Six cops and two civilian analysts focused on smashing the drug and bootlegging trade “at all levels” will set up shop in the Yukon this spring.
“What the public is going to see is an increase on the focus of enforcement on the street-level crime that’s happening,” said Yukon RCMP Insp. Guy Rook at a government-held news conference on Monday.
“This team is a Yukon-wide team,” he said.
The unit — called the Street Crime Reduction Team — is the Yukon RCMP’s first group tasked exclusively with breaking-up street and drug-related crime. It should be in place by April, said Rook.
Some unit officers will be new, others will be shifted from their current jobs to focus on the “small percentage of people committing the majority of crimes,” he said.
The team’s two civilian analysts will field complaints from the public, then process that information to provide a “better focus” on individuals that are known drug dealers and bootleggers, said Rook.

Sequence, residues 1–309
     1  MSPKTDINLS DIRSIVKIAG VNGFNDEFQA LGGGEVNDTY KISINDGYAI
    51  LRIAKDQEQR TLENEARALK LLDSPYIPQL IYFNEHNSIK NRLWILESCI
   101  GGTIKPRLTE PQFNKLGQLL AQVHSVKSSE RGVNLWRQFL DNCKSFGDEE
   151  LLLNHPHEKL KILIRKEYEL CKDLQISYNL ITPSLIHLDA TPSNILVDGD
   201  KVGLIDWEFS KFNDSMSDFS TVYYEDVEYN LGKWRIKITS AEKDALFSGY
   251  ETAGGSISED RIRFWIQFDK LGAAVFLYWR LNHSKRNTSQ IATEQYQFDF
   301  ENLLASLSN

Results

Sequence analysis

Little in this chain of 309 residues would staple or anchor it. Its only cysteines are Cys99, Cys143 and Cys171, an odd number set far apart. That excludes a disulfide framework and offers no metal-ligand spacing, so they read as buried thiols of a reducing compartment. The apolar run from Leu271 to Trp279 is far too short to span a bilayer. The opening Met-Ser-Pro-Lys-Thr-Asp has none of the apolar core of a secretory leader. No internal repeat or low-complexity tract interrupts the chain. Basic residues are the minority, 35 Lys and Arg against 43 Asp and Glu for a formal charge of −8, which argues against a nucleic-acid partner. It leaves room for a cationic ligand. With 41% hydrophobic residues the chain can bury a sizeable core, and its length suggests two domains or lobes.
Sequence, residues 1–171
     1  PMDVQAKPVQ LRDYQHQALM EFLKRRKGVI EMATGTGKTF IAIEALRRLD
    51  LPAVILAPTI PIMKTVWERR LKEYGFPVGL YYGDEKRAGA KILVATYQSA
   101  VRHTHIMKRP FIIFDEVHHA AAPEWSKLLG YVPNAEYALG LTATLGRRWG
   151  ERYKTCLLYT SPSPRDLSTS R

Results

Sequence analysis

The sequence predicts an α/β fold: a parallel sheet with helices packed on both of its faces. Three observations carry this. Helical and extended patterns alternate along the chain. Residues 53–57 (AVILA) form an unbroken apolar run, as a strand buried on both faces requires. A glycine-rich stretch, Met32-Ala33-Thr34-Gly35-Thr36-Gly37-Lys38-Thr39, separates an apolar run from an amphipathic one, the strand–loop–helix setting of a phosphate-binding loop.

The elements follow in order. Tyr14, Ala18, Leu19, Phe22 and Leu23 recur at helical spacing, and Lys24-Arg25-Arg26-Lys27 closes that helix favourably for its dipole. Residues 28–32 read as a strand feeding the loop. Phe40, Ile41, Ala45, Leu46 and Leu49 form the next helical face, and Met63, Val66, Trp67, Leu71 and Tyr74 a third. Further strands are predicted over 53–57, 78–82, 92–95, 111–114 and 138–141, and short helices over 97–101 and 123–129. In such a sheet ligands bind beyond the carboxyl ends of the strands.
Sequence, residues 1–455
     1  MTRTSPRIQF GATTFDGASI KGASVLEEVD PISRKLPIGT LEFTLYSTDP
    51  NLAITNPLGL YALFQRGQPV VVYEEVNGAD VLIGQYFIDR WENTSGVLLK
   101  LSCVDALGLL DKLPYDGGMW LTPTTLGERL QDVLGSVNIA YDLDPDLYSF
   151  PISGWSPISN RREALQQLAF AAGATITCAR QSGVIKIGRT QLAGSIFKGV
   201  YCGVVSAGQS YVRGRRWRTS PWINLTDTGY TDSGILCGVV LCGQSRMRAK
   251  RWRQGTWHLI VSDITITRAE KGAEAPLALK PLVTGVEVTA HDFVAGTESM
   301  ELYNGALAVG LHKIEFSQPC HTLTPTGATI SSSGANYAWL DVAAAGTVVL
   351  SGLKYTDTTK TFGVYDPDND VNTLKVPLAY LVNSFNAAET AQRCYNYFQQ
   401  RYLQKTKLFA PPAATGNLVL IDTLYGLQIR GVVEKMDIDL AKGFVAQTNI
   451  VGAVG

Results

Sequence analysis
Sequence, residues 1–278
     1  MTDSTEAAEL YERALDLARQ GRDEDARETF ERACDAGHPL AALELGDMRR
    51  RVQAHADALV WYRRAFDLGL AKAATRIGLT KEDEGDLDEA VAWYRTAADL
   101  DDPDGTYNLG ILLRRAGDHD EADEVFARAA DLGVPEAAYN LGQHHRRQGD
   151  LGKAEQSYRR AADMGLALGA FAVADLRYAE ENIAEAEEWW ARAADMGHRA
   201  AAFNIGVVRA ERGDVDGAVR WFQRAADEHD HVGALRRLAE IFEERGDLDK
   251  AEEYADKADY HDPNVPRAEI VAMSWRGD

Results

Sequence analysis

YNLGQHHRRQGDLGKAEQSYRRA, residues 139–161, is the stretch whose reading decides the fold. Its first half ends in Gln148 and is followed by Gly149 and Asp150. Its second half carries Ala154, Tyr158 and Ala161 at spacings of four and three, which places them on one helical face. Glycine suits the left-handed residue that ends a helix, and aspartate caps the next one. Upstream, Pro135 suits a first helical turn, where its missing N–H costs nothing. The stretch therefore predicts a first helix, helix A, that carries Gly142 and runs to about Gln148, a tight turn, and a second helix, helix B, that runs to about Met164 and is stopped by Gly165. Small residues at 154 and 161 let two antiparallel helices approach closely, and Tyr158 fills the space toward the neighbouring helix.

“The additional resources allow us to focus specifically, using the intelligence, on the street-level activities,” he said.
“We may decide . . . that an area where criminal activity and criminals gather needs a patrol presence, needs uniforms, so that these people see and the public sees that we’re visible.”
The Yukon Justice department will spend $1.4-million over the next three years on the street-crime team.
That investment is “yet another demonstration” of the Yukon Party government’s commitment to drug and alcohol enforcement and prevention, Justice Minister Marian Horne told the news conference.
“The RCMP’s street crime reduction team is another tool the government of Yukon is using in its fight against crime; this is part of our commitment to addressing abuse of drugs and alcohol through the substance abuse action plan,” she said.
“We have no tolerance for drug dealing.”
The team will target dealers where they gather and the associated criminal activities that tend to follow them, said the Yukon RCMP’s chief-commanding-officer Dave Shewchuck.
“The street crime reduction team is a proactive compliment to our traditional policing approach, by focusing on crime hotspots and high-volume offenders,” he said.
The team will respond to problems identified by citizen complaints, said Rook.
“I think it’s a great opportunity for us to be able to use better the information we’re getting from the public,” he said. “I really encourage the public to take the opportunity to engage us.”
People who wish to report drug-related criminal activities should contact Crime Stoppers, he said.
Work began on the team several months ago, said Rook.